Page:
Parish cooks up Lenten treat

By | February 24, 2010


St. Patrick Parish fish fry volunteers Debbie Galeazzi, left, Steve Figi and Jeff Stilp ready the to-go orders of assorted fish dinners at St. Patrick Church in Menasha on Feb. 17. Between 40 and 50 parishioners volunteer to work at the monthly fish fry, which runs from October to April. The fish fry serves about 350 people each month. (Kasi Koshollek | For The Compass)

The committee currently hosts one community building event each month. Fish fries are the offering from October through April. The dinners are more than just fund-raisers, said Cathy McClone, a member of the grill/fry crew.

“It’s one of the areas where we have a lot of people involved,” she said. “We have at least 40 to 50 people working. Some high school kids help out as servers. There are also 25 to 30 bakers who make homemade desserts. It’s the service part of stewardship and it’s fun.”

The parish events committee, led by Denise Meyers, takes a creative approach to the fish fries. They develop a theme based on a state, country or region and plan the menu accordingly. For example, when New England served as the theme, chowder was the soup of the day.

“(The parish events committee) usually meets once a month,” said Meyers. “We come up with different recipes, which definitely help to keep it fun. One thing I hear from people is that they like the St. Pat’s fish fry because we have more grilled items.”

Meyers is not only the committee chairperson, but serves as the “red apron lady” at the event.

“You could say that I’m the go-to person,” said Meyers. “I tell the workers what needs to be done. I let everyone know what’s going on. The nicest part for me is that I get to meet so many new people. It’s fun just to see the people enjoying themselves. We get a lot of new people each month from other parishes.”

Bill Schultz helps prepare the fish for cooking in addition to his duties on the grill/fry crew. While he points out that the kitchen can become extremely warm, he said that he looks forward to working the fish fry each month.

“I usually work with the same people,” he said. “There is a core group of people and we all get along well. We are a small parish, so we need everybody’s help. It’s an opportunity where everybody can do their part. You don’t have to cook. You can serve soda, cut up desserts, wash dishes, clean up, deliver the food, answer to-go orders.”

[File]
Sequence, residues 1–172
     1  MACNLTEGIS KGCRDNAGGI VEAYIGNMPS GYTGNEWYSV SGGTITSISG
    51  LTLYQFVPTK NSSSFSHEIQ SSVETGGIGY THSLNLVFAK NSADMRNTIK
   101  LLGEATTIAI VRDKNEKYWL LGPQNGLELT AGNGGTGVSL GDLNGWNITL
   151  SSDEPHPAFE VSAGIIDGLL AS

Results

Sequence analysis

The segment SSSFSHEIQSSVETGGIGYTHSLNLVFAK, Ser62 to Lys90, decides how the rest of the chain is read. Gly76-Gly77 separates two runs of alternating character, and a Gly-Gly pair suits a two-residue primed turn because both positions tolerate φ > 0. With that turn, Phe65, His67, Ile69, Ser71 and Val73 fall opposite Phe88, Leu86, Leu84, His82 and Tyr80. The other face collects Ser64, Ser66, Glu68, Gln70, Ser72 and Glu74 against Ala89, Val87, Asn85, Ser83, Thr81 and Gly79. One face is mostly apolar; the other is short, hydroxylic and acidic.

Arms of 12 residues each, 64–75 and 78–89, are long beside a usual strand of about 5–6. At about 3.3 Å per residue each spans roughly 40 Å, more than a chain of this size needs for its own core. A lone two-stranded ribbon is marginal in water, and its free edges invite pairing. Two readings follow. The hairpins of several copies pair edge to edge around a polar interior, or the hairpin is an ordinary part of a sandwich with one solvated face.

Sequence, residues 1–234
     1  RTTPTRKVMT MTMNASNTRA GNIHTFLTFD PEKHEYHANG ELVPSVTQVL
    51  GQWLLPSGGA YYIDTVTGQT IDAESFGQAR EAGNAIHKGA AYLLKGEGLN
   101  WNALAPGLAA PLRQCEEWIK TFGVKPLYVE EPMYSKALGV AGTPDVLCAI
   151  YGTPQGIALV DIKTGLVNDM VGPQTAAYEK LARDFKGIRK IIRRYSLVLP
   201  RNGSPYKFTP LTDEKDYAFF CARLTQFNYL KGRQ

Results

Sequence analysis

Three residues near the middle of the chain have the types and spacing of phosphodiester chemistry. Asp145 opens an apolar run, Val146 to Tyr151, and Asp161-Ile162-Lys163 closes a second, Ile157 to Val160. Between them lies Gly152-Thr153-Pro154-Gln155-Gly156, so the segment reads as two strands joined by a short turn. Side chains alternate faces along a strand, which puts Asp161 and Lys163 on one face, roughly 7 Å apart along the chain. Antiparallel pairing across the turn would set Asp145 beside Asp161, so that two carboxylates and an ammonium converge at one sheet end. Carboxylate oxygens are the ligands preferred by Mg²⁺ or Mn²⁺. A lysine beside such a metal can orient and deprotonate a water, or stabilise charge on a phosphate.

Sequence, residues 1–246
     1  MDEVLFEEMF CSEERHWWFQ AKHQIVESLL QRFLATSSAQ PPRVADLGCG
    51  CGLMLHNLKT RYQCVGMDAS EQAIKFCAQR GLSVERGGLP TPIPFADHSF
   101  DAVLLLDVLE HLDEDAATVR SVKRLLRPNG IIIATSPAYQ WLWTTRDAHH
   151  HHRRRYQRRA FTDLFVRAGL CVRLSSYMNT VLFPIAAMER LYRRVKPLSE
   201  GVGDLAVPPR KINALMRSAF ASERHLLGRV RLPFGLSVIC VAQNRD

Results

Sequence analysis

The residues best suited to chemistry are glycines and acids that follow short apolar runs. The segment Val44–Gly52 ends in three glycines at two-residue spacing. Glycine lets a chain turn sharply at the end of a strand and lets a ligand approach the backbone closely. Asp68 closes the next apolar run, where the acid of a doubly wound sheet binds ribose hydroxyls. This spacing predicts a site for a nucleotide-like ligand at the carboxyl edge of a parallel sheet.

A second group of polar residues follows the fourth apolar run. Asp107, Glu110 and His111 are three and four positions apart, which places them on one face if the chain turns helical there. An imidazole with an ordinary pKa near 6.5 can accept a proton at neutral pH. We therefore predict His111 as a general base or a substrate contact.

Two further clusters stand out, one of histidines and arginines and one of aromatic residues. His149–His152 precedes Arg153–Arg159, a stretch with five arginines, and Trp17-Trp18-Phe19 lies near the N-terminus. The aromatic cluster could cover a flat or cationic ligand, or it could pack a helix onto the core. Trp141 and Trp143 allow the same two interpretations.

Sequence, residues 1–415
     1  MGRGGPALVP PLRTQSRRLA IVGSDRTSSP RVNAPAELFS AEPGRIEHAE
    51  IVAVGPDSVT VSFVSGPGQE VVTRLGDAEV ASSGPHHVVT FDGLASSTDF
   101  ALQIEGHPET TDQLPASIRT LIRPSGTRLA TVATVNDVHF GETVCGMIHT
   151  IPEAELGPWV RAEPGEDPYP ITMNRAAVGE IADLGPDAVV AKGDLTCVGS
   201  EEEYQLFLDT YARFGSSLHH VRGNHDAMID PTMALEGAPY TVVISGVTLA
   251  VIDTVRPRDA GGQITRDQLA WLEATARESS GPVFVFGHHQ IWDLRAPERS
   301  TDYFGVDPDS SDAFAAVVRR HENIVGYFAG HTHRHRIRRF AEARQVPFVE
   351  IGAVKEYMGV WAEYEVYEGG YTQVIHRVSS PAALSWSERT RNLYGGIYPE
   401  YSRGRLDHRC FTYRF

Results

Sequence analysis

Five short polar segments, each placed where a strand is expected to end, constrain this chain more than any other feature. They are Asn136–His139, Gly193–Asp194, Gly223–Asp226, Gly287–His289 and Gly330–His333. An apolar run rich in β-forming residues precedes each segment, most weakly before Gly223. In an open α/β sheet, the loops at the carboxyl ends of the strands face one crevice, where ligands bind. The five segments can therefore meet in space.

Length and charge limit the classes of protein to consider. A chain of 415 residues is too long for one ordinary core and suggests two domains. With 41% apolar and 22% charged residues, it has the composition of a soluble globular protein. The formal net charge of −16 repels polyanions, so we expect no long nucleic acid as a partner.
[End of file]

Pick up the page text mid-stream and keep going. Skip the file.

There are perks to volunteering, he added. “We eat a lot.”

Schultz plans to add a volunteer from his family soon.

“My next step is to get my daughter (MacKenzie, 14) involved,” he said. “It’s good experience. It teaches them about responsibility. It’s good training if they want a job working in food service.”

Meyers’ son Hunter, 15, serves as a volunteer.

“He loves it,” she said.

The St. Patrick fish fry runs from 4 to 7 p.m. Prep work begins at noon. Approximately 350 people are served. Dine-in or take-out service is available, and dinners are delivered to the homebound and mill workers.

“We used to have big deliveries to the mills,” said McClone. “There are still a lot of group orders. We deliver 13 to 15 dinners to an assisted living facility. We want to be able to include people who can’t get here.”

The next St. Patrick fish fry, scheduled for March 12, kicks off the parish’s St. Patrick’s Cel O’Bration. The special will be Irish Cod Cobbler. On St. Patrick’s Day, March 17, a prayer service is scheduled for 5:30 p.m., followed by a Pot O’Luck at 6 p.m. The Cel O’Bration concludes with a breakfast on March 21, sponsored by the Neenah and Menasha Knights of Columbus.

Guests who attend the fish fry are sure to find fellowship, said Schultz.

“The way we have it set up, we use cafeteria tables,” he said. “People may end up sitting with people they don’t know so they get to meet someone new. It’s not rushed. It’s not like a restaurant where they are trying to turn tables over. Stay as long as you want.”

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